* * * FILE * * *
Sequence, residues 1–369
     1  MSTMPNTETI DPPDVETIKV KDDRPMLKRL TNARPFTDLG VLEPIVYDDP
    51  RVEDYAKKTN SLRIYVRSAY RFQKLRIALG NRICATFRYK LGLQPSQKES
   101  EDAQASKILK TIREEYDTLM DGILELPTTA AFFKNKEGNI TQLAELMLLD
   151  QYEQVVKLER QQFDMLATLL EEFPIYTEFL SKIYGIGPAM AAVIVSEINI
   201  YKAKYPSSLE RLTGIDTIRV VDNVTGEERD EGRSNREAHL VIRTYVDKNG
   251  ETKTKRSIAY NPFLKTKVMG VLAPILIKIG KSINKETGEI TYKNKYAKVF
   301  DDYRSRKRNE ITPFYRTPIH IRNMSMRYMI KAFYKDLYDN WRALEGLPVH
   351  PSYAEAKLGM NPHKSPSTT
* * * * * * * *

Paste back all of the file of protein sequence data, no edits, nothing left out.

Sequence, residues 1–369
     1  MSTMPNTETI DPPDVETIKV KDDRPMLKRL TNARPFTDLG VLEPIVYDDP
    51  RVEDYAKKTN SLRIYVRSAY RFQKLRIALG NRICATFRYK LGLQPSQKES
   101  EDAQASKILK TIREEYDTLM DGILELPTTA AFFKNKEGNI TQLAELMLLD
   151  QYEQVVKLER QQFDMLATLL EEFPIYTEFL SKIYGIGPAM AAVIVSEINI
   201  YKAKYPSSLE RLTGIDTIRV VDNVTGEERD EGRSNREAHL VIRTYVDKNG
   251  ETKTKRSIAY NPFLKTKVMG VLAPILIKIG KSINKETGEI TYKNKYAKVF
   301  DDYRSRKRNE ITPFYRTPIH IRNMSMRYMI KAFYKDLYDN WRALEGLPVH
   351  PSYAEAKLGM NPHKSPSTT